Berbice Bridge, CLICO investments were “criminal” – Finance Minister
– NIS lost US$9M as a result; Consolidated Fund may have to rescue scheme from drowning in losses
By Kiana Wilburg
The business of the National Assembly was wrapped up yesterday afternoon, with Finance Minister Winston Jordan reading the Income Tax (Amendment) Bill for the second time and it was passed.
But since he was on the issue of tax, Jordan felt it necessary to speak about the state of the National Insurance Scheme (NIS), with particular reference to the investments made by the company into CLICO and the Berbice River Bridge during the rule of the People’s Progressive Party Civic.
The Finance Minister said that the billion-dollar investments into those two entities have “hurt us all”. He described them as being rather “reckless” investments, but said that it is even beyond this. His colleagues on the eastern side of the House suggested to him, a more fitting term. They told him, “It’s not reckless, it’s criminal.”
To this Jordan retorted, “Yes I like that word, criminal. It was indeed criminal.”
The Finance Minister said that when Guyanese make their contributions to NIS, it is expected that during times of difficulty and old age, that money would be there to assist. He said that it is expected that NIS would be prudent with its investments, especially with taxpayers’ resources which are faithfully contributed every month.
“So Mr. Speaker, all of us were hurt at the reckless investment by NIS into CLICO resulting in the impairment of over $5.6B. Between 2009 to now, NIS has lost $1.8B and if this was not criminal enough, NIS again made another suspect investment into the Berbice Bridge of nearly $1B to which they are still to collect income on,” Jordan said.
He added, “So essentially, NIS is now in the position where it is eating into its capital to make even the minimal benefits to its contributors. This cannot continue…We will have to move swiftly and come up with a strategy, and it won’t be easy. That approach includes entrenching in NIS, mechanisms to ensure it can never again do anything as reckless as this. ”
Members on the Government’s side slammed their desks in approval.
The Finance Minister continued, “We don’t want the scenario that when we are ready for our benefits we can’t get it, and actually that is the situation now because it continues to lose. It can’t give full benefits and I believe that the Consolidated Fund at the end of the day may be asked to make good on this loss”.
But Jordan’s statements apparently incensed Opposition Leader, Bharrat Jagdeo. Jagdeo could not resist the temptation of taking the floor to defend the investments made into the two companies under the PPP.
He accused the Finance Minister of using the time allotted to read a Bill to score political points. The Opposition Leader then attacked the contents of the 2015 budget which was passed on Friday last, and even sought to bring the integrity of the Finance Minister into question with various accusations.
Jagdeo then called for a debate on the matter after what seemed to be his budget debate presentation—Part two. But Jordan refused to respond to Jagdeo and his allegations.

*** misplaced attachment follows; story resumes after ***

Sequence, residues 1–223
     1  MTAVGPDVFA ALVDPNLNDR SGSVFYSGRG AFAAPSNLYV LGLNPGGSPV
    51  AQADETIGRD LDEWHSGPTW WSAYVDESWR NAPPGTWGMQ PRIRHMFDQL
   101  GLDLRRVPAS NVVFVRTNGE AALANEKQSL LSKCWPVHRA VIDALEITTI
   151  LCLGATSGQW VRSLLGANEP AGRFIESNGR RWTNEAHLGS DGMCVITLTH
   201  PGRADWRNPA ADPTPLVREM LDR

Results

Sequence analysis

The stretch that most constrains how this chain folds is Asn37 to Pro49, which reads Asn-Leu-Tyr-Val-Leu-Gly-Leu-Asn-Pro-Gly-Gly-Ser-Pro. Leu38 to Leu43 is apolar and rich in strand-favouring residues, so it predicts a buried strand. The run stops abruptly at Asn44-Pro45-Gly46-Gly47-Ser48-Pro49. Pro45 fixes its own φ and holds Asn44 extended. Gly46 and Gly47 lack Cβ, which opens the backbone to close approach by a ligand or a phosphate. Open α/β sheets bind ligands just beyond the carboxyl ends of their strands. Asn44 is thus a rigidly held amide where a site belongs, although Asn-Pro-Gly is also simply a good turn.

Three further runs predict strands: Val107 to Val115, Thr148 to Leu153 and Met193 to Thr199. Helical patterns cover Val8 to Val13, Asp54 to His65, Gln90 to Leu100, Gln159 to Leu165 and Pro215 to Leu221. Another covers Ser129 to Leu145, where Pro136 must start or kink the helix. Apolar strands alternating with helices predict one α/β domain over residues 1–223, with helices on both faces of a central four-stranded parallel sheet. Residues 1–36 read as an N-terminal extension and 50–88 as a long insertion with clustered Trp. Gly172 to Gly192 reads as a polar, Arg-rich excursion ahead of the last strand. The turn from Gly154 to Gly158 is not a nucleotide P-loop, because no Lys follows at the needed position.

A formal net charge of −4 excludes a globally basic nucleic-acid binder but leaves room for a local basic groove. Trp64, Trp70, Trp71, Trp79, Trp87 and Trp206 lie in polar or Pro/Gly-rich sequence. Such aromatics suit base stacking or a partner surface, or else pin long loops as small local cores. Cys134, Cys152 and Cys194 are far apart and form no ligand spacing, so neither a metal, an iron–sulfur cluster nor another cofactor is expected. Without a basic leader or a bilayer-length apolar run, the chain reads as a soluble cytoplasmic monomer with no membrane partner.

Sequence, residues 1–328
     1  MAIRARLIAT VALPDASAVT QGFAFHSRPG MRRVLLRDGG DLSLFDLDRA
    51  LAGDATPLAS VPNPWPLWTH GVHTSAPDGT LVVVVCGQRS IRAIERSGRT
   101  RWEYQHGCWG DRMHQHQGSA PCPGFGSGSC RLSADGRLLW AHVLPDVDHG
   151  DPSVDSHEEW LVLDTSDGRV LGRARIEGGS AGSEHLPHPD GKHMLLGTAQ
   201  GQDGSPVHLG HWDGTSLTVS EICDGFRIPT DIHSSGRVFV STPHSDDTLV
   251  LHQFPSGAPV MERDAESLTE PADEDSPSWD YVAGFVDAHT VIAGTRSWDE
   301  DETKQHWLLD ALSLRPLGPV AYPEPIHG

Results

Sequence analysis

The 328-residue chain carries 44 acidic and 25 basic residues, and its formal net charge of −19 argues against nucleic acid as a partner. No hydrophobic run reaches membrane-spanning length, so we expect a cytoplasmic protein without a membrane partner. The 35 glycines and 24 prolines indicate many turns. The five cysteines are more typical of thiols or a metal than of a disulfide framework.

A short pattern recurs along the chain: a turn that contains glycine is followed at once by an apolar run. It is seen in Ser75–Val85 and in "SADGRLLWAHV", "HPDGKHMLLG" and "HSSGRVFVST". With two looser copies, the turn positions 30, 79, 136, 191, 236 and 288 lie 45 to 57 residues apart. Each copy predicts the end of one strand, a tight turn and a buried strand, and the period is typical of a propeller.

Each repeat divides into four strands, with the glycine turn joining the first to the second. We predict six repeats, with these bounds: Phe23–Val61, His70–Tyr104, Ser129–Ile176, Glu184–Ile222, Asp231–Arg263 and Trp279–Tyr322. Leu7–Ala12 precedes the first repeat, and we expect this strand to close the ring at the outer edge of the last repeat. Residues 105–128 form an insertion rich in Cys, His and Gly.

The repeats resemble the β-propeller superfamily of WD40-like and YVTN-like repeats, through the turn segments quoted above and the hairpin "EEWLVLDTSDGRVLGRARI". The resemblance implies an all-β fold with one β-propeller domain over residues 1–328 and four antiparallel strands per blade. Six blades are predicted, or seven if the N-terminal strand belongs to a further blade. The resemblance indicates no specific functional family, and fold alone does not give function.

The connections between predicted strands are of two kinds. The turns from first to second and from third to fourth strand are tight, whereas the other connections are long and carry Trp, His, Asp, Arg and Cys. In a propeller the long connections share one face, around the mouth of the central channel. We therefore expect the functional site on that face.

“I said what I had to, but I did enjoy the honourable opposition leader,” the Finance Minister uttered while ending his statement with a hearty laugh.
Jordan told Kaieteur News that he has no time to enter into any debate with the Opposition Leader. He emphasized that Jagdeo cannot escape the fact that the investments were criminal and that NIS suffered as a result of it.
“I have no desire to give Jagdeo any more prominence than he gets in this honourable House,” Jordan concluded.
As for the Income Tax Bill which seeks to remove the tax levied directly on personal income, the Minister said that this is part of the quest by the coalition government to give a good life to the Guyanese people by “putting back money in their pockets so to speak.”
In explaining how this measure will work, Jordan said, “Let us assume that a person is working for $60,000 at the moment. They will be given a take home of $50,000 a month which leaves chargeable income of $10,000 a month. Now they are asked to pay 30 percent of that chargeable income which is $3000 plus, they will also be asked to pay $3360 a month in NIS contributions. So in essence their take-home pay will be $53,640. When this Bill is passed and the measure goes into effect, the chargeable income of $10,000 will have the NIS contribution deducted and that will leave $6640 and 30 percent of that is $1192, giving this person a take home pay of $54,648.
He said that this means that this person will have a saving or will have extra money in his pocket of $1008 a month or $12,096 a year. This earned him loud applause from members of the House.
He emphasised that this measure takes place this year.
The House then examined the Bill clause by clause and it was subsequently passed.
Prime Minister Moses Nagamootoo thanked House Speaker, Dr. Barton Scotland for his calm demeanour during the “stormy” budget debate and deliberations.
Quoting Shakespeare, the First Vice President said, “You ‘sat like patience on a monument, smiling at grief.”
Nagamootoo also extended thanks to the staff of the Parliament and the media and finally moved the motion for the Parliament to enter a period of recess for one month.
The House is expected to meet on October 11.